The 8th TNM staging system was revised by the American Joint Committee on Cancer (AJCC) to more accurately predict the disease-specific survival of PTC patients. However, it does not reflect the biological behavior of PTC and has limitations in predicting the risk of recurrence14,15,16. In particular, the number and size of metastatic LNs are not reflected in the revised TNM staging system. Also, the N classification of the revised TNM stage system merely comprises three groups and does not consider other nodal factors17,18,19,20,21,22. We presume that the more prognostic factors, such as number of metastatic LNs and LNR, that can be integrated into the TNM system, the more accurate the prediction model could be for predicting disease recurrence of PTC patients.
Machine learning technology is widely used in the medical field, especially in the fields of radiology, ophthalmology, and dermatology23,24,25,26,27,28. However, studies on the construction of machine learning models that can be used to predict disease recurrence of PTC are extremely rare. Establishing a robust predictive model of PTC could help with selecting high-risk patients for intensified treatment tailored according to risk stratification and with suggesting candidates for active follow-up. This study analyzed the prognostic significance of various clinico-pathologic nodal factors, including the number of metastatic LNs and LNR, in patients with PTC patients and attempted to construct a disease recurrence prediction model based on these factors using machine learning techniques.
Materials and methods
This study was approved by the Institutional Review Board (IRB) of Pusan University. Informed consent was not obtained from any participants because the IRB waived the need for individual informed consent. This retrospective research was performed in accordance with the Declaration of Helsinki. Medical data of patients diagnosed and treated for PTC at Pusan National University Hospital from June 2003 to December 2009 were analyzed retrospectively. We included patients who were diagnosed with PTC and underwent total thyroidectomy and central neck dissection with/without lateral neck dissection. We excluded (1) cases with a distant metastasis at the time of diagnosis, (2) patients who received previous surgery or radiotherapy to the head and neck area, and (3) cases with insufficient clinical data that were lost to follow-up after surgery. Finally, 1040 patients were included in the study, including 147 males and 893 females. Their ages ranged from 13 to 79 years and the mean age was 48.5 years. Tumor stage was classified according to the 8th AJCC staging system.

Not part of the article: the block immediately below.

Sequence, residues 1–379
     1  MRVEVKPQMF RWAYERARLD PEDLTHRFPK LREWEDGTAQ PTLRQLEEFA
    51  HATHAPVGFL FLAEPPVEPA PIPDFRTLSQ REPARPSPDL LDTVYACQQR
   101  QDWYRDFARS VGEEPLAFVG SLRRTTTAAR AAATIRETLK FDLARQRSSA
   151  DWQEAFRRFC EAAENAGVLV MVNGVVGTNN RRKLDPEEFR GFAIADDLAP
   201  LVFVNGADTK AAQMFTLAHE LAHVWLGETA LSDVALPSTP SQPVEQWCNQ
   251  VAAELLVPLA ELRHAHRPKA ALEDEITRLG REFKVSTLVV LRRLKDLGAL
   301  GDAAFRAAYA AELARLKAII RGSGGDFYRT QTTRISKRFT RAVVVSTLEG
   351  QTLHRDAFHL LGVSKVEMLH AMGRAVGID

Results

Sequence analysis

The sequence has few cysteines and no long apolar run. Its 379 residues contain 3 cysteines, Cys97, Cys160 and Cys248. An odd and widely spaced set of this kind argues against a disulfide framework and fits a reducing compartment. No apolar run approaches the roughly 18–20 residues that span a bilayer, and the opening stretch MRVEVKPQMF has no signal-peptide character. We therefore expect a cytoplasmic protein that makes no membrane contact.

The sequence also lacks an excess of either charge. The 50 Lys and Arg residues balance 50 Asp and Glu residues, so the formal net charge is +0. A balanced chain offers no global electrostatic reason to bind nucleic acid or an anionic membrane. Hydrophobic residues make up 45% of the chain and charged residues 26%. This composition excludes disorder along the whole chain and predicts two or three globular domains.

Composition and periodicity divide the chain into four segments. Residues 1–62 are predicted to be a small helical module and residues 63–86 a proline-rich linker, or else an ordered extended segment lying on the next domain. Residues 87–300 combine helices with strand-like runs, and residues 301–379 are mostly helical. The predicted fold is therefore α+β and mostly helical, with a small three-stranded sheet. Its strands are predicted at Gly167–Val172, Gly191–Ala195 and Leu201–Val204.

To detect disease recurrence, all patients underwent physical examination, ultrasound, and thyroglobulin measurement every 6–12 months after surgery. If necessary, additional imaging studies such as computed tomography, whole body iodine scan, and positron emission tomography were performed. Recurrence was defined as a case in which a new lesion was detected that was not previously observed in the imaging studies and which was pathologically confirmed through fine needle aspiration cytology.